Frequently Asked Questions About Accreditation

  • What type of accreditation offerings will be provided under the new ACC/AHA collaboration?

    Starting in 2017, U.S. hospitals will have access to a comprehensive suite of co-branded accreditation services designed to optimize patient outcomes and improve hospital financial performance. These services will be focused on all aspects of cardiac care, including chest pain, cardiac catheterization, atrial fibrillation, heart failure and other cardiovascular conditions. In addition to offering disease-specific accreditations, a multi-faceted cardiac accreditation program will be developed by this collaboration to enable hospitals and health systems to achieve the highest standard of cardiac care for all patients.

    The ACC and AHA are committed to reducing duplication and confusion in the marketplace and provide hospitals with a single source for state-of-the-art accreditation services to enhance quality and optimize patient outcomes and hospital financial performance. This collaboration will integrate the very latest evidence-based science and ACC/AHA guidelines into a comprehensive suite of accreditation services to support health care institutions’ entire cardiovascular care needs.

  • What is the overarching accreditation product being offered by AHA?

    The AHA’s institution cardiac accreditation program will build upon the individual service line accreditation products of the ACC and is currently in development for a launch in January 2017.

  • What are the benefits of this collaboration?

    By joining together, the ACC and the AHA have a real opportunity to help hospitals accelerate the quality of cardiovascular care for all patients and improve their financial performance in ways we can’t do alone. The ACC/AHA collaboration builds upon shared goals of transforming cardiovascular care and helping people live longer, healthier lives.

    This collaboration will create a single gold standard for the highest quality of cardiovascular care that patients can easily recognize when choosing their hospital.

  • Will the collaboration be implemented immediately?

    The ACC/AHA accreditation collaboration will be effective as of Jan. 1, 2017. However, leaders and staff of both organizations are already working together.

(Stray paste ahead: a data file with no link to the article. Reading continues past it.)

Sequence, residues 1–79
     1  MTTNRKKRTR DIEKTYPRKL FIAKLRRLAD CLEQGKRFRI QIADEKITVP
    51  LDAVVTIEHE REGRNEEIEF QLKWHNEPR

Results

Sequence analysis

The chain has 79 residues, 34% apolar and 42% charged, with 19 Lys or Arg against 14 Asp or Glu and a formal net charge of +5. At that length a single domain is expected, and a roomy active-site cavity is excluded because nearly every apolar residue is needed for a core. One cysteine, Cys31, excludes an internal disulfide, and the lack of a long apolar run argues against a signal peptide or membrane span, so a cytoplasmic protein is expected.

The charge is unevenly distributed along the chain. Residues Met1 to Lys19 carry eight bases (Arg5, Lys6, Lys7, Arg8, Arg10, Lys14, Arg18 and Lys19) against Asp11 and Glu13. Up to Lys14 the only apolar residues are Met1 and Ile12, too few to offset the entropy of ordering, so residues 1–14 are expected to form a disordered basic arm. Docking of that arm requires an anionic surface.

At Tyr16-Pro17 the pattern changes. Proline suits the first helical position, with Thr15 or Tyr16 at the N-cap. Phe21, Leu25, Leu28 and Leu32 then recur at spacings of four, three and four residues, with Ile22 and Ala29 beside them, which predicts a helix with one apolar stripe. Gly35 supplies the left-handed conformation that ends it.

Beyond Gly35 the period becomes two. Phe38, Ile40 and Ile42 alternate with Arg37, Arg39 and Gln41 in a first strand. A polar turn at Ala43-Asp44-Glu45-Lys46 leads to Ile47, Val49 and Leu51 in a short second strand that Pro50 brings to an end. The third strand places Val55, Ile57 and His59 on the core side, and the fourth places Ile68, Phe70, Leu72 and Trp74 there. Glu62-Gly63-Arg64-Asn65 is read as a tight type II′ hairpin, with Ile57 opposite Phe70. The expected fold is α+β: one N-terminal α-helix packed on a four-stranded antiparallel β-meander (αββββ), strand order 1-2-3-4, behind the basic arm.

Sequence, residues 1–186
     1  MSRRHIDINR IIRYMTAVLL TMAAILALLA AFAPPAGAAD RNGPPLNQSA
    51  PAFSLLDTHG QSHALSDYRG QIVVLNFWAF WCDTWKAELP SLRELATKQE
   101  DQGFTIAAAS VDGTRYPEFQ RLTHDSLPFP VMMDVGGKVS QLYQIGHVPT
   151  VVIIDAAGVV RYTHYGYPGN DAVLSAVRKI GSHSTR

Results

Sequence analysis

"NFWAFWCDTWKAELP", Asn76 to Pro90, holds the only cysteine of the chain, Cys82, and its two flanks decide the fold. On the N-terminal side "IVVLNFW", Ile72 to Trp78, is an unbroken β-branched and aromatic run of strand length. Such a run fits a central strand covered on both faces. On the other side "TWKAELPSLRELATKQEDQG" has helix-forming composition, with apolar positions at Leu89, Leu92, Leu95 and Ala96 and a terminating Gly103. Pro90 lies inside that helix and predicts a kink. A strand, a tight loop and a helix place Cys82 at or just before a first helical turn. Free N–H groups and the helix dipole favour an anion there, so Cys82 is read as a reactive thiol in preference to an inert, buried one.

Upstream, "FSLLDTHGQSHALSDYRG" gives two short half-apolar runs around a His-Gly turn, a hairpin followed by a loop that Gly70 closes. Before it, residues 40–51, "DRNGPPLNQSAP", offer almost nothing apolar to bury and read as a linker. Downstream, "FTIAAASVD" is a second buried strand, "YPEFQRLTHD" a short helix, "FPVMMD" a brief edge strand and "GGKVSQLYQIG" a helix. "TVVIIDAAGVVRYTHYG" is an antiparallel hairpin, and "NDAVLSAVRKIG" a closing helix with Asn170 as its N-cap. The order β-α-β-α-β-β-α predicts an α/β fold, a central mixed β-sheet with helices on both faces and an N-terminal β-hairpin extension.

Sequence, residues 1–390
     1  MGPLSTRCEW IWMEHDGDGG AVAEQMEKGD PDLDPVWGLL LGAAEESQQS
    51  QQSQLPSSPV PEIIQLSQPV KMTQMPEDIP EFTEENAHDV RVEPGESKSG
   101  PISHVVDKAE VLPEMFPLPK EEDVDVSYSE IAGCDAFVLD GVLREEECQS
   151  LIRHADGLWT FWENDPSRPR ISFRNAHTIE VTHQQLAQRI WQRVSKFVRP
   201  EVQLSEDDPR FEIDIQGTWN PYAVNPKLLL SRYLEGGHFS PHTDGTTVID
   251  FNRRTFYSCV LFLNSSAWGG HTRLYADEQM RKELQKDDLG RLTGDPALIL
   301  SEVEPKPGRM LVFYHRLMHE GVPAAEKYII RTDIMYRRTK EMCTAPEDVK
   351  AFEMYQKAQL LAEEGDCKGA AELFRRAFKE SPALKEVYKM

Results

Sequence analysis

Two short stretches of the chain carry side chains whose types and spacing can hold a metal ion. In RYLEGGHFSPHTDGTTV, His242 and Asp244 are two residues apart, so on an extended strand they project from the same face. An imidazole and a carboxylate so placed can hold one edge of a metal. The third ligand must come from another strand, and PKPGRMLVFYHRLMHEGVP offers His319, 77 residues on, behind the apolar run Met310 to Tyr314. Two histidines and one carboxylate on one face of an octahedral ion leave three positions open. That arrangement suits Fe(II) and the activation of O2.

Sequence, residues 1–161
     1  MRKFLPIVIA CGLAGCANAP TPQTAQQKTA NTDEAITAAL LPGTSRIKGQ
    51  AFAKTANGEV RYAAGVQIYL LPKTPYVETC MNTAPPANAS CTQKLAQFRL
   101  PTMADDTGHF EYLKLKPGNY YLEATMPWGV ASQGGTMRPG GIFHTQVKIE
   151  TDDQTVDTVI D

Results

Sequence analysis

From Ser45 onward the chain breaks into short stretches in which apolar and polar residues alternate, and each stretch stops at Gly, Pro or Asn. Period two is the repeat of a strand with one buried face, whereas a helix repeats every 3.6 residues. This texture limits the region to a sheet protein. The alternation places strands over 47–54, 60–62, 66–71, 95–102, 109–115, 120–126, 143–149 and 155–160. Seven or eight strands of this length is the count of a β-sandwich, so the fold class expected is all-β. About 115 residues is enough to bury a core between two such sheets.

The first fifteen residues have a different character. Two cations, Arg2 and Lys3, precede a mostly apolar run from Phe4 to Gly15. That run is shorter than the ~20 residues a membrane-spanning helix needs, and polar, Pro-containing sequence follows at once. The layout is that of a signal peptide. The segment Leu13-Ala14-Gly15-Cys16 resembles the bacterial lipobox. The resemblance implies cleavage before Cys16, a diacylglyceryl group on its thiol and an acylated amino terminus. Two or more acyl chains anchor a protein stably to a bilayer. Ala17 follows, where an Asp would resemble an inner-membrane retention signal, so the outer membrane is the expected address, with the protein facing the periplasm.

• Does this collaboration include clinical data registries and programs like Mission: Lifeline?

    This collaboration relates to Accreditation only. Clinical data registries, like those offered by the ACC’s NCDR and the AHA’s Get With The Guidelines programs, as well as quality programs like AHA’s Mission: Lifeline, will continue to operate separately. The relevant clinical registry programs of both organizations will support the data needs and requirements for hospitals participating in any ACC/AHA Accreditation offerings. More detailed information will be available for interested facilities and hospitals participating in relevant registries and accreditation programs.

  • Are the accreditation offerings under this collaboration different from what is currently being offered by the ACC through the Society of Cardiovascular Patient Care?

    Yes and no. The co-branded accreditation products will include all of the current accreditation products for Chest Pain, Heart Failure, Atrial Fibrillation and Cath PCI developed by the Society of Cardiovascular Patient Care, the accreditation arm of the ACC. The AHA’s Mission: Lifeline Accreditation for STEMI Receiving and Referring Centers will also continue to be available and offered through the Society of Cardiovascular Patient Care. Additional accreditation products will be developed over time by the collaboration and communicated to hospitals and facilities as they are available.

  • What does this mean for a hospital already certified by the AHA and The Joint Commission (TJC) in Advanced Heart Failure?

    With this announcement, the AHA and ACC will be working exclusively together to provide cardiovascular accreditation services.  As a result, the AHA will be transitioning out of its involvement in all current and planned cardiovascular offerings outside of this collaboration including the Advanced Heart Failure certification with The Joint Commission.  This transition will occur over time with the goal of minimizing any interruption and disruption of the services hospitals participating in these programs might experience as a result.

  • What does this mean for a hospital already certified by AHA/TJC in Stroke Certification?

    The ACC/AHA collaboration is focused on cardiovascular accreditation programs and services.  The AHA will continue to provide stroke certification and accreditations services directly and through collaboration with partners, including The Joint Commission.

  • What does this mean for hospitals already participating in an ACC Accreditation program offered through the Society of Cardiovascular Patient Care, or in an AHA Accreditation program?

    The ACC’s accreditation approach with each hospital and hospital system will remain unchanged. The ACC, through SCPC, will continue to provide reliable tools and resources; engage with hospitals and facilities early to coach the multi-disciplinary team; and work to help each hospital and facility achieve the best possible outcomes for cardiovascular patients. The AHA’s Mission: Lifeline Accreditation for STEMI Receiving and Referring Centers will also remain unchanged at this time. The AHA will continue to work towards its goal to improve the consistency of cardiac care by providing a standard approach to the treatment of STEMI patients and meet state policy designation needs.

  • Who can I contact for more information?

    For more information, please email